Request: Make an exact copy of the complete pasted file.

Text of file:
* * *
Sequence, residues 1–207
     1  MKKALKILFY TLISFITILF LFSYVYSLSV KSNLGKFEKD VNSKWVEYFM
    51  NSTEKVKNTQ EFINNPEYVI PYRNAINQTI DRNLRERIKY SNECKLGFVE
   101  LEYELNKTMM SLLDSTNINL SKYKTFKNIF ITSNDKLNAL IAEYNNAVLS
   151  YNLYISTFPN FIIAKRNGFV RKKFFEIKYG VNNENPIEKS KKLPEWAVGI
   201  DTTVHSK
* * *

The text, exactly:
Sequence, residues 1–207
     1  MKKALKILFY TLISFITILF LFSYVYSLSV KSNLGKFEKD VNSKWVEYFM
    51  NSTEKVKNTQ EFINNPEYVI PYRNAINQTI DRNLRERIKY SNECKLGFVE
   101  LEYELNKTMM SLLDSTNINL SKYKTFKNIF ITSNDKLNAL IAEYNNAVLS
   151  YNLYISTFPN FIIAKRNGFV RKKFFEIKYG VNNENPIEKS KKLPEWAVGI
   201  DTTVHSK